• They’re both about communicating ideas.
• They need to make complex ideas accessible.
• They tell a story.
• They aspire to effect change.
When I teach academic writing skills, I tell workshop participants that their writing will be more effective when it adheres to some of the constraints required in writing for children.
What’s the point of writing if not to communicate? Communicating requires you to empathise with your audience. How much does your audience already understand? Why are they reading? What’s in it for them? Keeping both the aspirations and the experience of your audience in mind will make your writing accessible and engaging. It will make your readers feel ‘seen’. Your readers will return this favour by paying more attention. This is particularly important if you want to share your ideas beyond the tight circle of your own research community.
Explaining something clearly requires you to think harder and dig deeper. The struggle to articulate a complex idea in simple terms forces us to make previously abstract thoughts concrete. It can reveal gaps in our own knowledge, or foggy thinking. Albert Einstein once said: ‘If you can’t explain it simply, you don’t understand it well enough.’ In workshops, I ask participants to explain their research to a child they know, or a family member who knows nothing about their subject.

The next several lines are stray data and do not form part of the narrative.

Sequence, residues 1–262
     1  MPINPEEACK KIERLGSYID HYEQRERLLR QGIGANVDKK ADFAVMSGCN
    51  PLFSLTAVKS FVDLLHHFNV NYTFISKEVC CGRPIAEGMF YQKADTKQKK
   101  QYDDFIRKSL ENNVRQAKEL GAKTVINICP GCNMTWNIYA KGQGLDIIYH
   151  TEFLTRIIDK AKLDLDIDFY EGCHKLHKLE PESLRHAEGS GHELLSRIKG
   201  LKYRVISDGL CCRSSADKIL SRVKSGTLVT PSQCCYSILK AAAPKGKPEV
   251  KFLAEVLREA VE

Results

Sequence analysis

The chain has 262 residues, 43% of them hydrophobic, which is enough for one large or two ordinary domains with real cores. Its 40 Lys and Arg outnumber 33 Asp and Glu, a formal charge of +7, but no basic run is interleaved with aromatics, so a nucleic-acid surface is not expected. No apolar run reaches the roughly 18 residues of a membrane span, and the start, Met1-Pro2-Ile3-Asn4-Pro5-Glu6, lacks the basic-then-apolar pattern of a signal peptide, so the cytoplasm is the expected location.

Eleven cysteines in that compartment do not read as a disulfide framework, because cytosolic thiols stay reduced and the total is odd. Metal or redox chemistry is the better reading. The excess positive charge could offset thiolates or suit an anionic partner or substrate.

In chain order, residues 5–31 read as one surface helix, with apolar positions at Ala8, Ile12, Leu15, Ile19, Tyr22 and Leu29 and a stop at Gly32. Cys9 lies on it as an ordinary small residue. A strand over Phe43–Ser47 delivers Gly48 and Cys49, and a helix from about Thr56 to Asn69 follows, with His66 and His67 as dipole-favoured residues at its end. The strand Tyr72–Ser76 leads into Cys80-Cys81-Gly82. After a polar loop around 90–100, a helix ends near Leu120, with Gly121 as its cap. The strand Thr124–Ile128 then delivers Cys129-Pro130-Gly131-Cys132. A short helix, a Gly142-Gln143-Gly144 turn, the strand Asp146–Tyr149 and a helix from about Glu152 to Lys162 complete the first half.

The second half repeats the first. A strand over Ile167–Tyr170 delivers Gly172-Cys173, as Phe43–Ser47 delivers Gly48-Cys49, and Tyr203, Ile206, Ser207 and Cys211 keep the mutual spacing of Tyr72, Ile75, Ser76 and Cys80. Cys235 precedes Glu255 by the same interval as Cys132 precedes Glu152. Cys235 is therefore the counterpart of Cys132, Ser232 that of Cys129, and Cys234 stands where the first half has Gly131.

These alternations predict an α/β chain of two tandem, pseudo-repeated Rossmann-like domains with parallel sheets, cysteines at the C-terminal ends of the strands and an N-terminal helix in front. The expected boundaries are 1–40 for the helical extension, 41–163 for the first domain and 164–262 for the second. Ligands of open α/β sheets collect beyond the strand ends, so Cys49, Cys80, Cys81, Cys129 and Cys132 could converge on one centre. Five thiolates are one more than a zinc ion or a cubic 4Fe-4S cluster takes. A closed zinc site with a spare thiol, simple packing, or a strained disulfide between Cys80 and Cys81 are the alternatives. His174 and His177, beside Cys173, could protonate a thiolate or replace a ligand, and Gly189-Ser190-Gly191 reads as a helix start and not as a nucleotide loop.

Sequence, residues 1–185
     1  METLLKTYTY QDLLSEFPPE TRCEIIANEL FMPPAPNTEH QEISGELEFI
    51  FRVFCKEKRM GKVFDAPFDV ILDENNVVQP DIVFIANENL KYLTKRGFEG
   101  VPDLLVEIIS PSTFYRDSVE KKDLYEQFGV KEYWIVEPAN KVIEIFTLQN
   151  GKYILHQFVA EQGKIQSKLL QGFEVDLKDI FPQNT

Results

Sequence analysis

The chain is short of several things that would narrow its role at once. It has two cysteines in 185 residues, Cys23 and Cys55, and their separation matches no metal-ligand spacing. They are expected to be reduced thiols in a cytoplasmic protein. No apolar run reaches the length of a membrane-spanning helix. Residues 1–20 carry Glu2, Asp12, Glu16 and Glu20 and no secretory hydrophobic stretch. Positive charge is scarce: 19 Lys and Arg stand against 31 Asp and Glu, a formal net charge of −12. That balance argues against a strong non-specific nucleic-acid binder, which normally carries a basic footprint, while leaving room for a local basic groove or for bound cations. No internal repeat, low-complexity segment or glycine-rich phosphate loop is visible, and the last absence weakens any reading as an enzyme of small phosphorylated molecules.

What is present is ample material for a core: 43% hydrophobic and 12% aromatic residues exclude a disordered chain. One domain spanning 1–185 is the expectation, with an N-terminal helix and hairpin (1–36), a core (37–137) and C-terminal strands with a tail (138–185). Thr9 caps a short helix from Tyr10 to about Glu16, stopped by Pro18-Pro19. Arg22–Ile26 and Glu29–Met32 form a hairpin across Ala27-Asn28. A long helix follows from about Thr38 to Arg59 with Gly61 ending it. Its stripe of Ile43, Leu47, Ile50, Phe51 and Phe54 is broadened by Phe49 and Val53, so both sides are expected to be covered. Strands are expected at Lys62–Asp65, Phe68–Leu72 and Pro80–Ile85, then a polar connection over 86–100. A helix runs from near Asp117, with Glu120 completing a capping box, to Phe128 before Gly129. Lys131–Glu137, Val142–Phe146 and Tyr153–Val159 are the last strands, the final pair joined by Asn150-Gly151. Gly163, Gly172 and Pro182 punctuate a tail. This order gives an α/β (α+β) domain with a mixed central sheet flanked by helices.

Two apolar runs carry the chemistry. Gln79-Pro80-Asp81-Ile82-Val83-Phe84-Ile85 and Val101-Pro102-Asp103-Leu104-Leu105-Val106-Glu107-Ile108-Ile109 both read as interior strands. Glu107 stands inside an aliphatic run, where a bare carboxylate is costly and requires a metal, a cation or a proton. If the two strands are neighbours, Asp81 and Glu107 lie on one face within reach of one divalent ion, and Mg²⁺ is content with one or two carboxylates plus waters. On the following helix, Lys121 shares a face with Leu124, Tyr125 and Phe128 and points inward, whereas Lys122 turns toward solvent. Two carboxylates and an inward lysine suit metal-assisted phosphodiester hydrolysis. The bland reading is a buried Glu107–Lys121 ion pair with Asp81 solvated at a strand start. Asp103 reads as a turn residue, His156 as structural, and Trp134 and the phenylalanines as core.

They say children have short attention spans. But don’t we all? Good writing – like any good design – has no redundant parts. Every word should be indispensable to the whole. Getting to the point is another way of empathising with your readers. As an exercise in brevity, I ask workshop participants to describe their projects in 50 words or fewer.
I once heard a child say of a book he couldn’t put down that it had ‘an urging flow.’ What a wonderful description of narrative! Narrative drive is what keeps a reader hooked. If you can recognise a narrative in your research, you’ll be able to describe it in a more engaging way. Interrogate your work in the same way a children’s author does. What was the situation before you started out? What was the ‘inciting incident’ that began your quest? Why is this important? How did you reach where you are now? Were there difficulties and setbacks? Finally, what did you learn and how might it change the world? A story – like research – recounts a process through which new knowledge is attained. We describe a journey, not just a destination.
Deciding who is the protagonist helps you tell your story with greatest impact.
When you read aloud to somebody else, you put yourself in their shoes.
When writing your thesis, you may find that you go through moments of disengagement and even be tempted to give up. If this happens, try to reconnect with your passion for the subject.